We don't know what causes psoriasis. It is thought to be an autoimmune disease, and that is has a genetic component. There is also another school of thought that it is a d…ermal malady that results spontaneously when skin cells grow and reproduce excessively. Follow the link below to the Wikipedia article on this medical condition to read more about it. Answer: Psoriasis is driven by the immune system, especially involving a type of white blood cell called a T cell. Normally, T cells help protect the body against infection and disease. T cells help create scabs over wounds. In the case of psoriasis, T cells are put into action by mistake and become so active that they trigger other immune responses, which lead to inflammation and to rapid turnover of skin cells. Most recently, the natural or innate immune system has been found to be highly implicated. Non-specific natural responses of the skin immune system, and virtually every subsystem of that, are activated in psoriasis. Epidermal cells up on the surface of the skin, forming itchy patches or plaques. The first outbreak of psoriasis is sometimes triggered by emotional or mental stress or physical skin injury, but heredity is a major factor as well. In about one-third of the cases, there is a family history of psoriasis. Researchers have studied a large number of families affected by psoriasis and identified genes linked to the disease. (Genes govern every bodily function and determine the inherited traits passed from parent to child.) People with psoriasis may notice that there are times when their skin worsens, then improves. Conditions that may cause flareups include infections, stress, and changes in climate that dry the skin. Also, certain medicines, including Lithium salt and beta blockers, which are prescribed for high blood pressure, may trigger an outbreak or worsen the disease. Other autoimmune diseases such as HIV/AIDS may significantly worsen the symptoms of psoriasis. Alcohol consumption and obesity may also worsen the condition.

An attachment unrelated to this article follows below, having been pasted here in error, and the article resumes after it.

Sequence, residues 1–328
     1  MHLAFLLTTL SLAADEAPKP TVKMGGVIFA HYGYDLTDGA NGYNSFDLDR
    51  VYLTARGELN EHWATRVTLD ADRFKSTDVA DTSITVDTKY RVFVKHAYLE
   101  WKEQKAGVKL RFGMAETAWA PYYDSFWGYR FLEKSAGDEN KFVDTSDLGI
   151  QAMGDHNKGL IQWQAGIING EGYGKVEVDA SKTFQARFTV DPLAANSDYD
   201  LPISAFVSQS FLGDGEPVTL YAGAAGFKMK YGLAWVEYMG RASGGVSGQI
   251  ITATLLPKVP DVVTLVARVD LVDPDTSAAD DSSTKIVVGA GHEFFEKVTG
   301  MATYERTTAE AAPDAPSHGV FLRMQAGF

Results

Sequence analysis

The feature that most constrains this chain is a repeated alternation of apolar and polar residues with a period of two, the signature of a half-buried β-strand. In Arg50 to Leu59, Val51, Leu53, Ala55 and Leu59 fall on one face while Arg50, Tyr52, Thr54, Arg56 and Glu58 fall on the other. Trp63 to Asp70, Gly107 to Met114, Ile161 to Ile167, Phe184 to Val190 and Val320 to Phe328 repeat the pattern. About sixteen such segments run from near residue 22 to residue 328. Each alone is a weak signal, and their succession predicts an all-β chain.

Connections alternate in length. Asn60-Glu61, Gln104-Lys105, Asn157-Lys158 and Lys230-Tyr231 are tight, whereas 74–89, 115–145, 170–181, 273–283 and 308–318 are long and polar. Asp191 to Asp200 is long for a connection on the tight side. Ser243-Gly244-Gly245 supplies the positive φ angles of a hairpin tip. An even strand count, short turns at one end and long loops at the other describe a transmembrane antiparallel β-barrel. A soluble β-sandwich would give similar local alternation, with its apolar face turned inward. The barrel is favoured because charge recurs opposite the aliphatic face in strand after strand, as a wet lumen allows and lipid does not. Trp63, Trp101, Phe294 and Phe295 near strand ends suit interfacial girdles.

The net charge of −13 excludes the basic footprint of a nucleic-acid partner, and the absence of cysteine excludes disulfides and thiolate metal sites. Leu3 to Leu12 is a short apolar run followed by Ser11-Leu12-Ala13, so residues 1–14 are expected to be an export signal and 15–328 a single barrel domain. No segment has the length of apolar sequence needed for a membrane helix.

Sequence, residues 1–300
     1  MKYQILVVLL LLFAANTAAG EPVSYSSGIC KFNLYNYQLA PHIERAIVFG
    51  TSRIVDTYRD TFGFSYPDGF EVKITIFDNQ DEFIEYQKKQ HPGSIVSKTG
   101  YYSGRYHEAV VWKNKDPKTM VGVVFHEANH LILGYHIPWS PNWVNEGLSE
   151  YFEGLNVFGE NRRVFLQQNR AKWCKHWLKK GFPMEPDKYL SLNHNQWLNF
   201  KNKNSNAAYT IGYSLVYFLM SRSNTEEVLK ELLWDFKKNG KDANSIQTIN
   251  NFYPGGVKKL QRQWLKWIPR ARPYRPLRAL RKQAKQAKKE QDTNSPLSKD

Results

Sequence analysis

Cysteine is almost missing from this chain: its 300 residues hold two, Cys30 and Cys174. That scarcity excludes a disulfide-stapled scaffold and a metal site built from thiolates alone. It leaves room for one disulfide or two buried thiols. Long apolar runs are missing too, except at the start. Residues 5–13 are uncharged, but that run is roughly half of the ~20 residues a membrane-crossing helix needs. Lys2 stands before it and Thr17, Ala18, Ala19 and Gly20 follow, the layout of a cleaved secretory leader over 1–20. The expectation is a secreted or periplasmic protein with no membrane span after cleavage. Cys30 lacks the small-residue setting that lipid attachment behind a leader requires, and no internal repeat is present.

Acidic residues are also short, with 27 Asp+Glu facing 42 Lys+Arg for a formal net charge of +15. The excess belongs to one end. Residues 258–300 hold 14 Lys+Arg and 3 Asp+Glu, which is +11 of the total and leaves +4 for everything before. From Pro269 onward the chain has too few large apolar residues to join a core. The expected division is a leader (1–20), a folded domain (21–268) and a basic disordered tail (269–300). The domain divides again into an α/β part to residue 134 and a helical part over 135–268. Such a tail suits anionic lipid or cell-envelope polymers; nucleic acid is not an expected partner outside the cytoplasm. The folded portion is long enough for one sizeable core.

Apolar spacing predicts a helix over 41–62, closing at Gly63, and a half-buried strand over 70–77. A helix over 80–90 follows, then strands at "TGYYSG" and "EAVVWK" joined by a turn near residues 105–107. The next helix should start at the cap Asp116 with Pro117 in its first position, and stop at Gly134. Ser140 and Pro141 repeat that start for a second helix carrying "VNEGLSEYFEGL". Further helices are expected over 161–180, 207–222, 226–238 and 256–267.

Both eczema and psoriasis are types of dermatitis, which simply means "inflammation of the skin." Most types of dermatitis result in inflamed, red skin that is often itchy… and may develop into lesions. Eczema can include crusty sores, scabs, thickened skin, pimple-like eruptions, and sometimes even lesions. The skin can be either oozing or crusty and easily becomes infected. Eczema is considered more of a symptom than an actual disease, and is best treated by dealing with the underlying cause. Psoriasis produces reddish lesions with a characteristic silvery scaling that flakes off, causing the skin underneath to bleed. These scales are actually excess skin generated when certain substances in the body that are responsible for directing skin cell growth go out of control and make the cells grow too quickly-sometimes 1,000 times faster than the normal rate of growth. Psoriasis can be controlled by prescription drugs, but these are hard on the liver and therefore must be carefully administered, especially considering that impaired liver function is thought to contribute to psoriasis. The exact cause of these skin conditions is often difficult to determine. We do know that you are more prone to get them if you have thin, dry skin. According to researchers, dermatitis is often caused by allergies and sensitivities to particular foods. Eliminating the foods most likely to cause allergies often decreases eczema. Most people with eczema test positive to some type of allergy, have elevated levels of antibodies in their blood (a sign of an allergic reaction) and often do not have enough stomach acid, a common cause of food sensitivities. Secondary skin infections, which often occur with eczema, may need to be treated separately. People with psoriasis usually have high levels of polyamine, an undesirable, toxic type of amino acid that is formed during poor protein digestion, another cause of food sensitivities. A natural way to treat psoriasis is by exposure to direct sunlight and heat.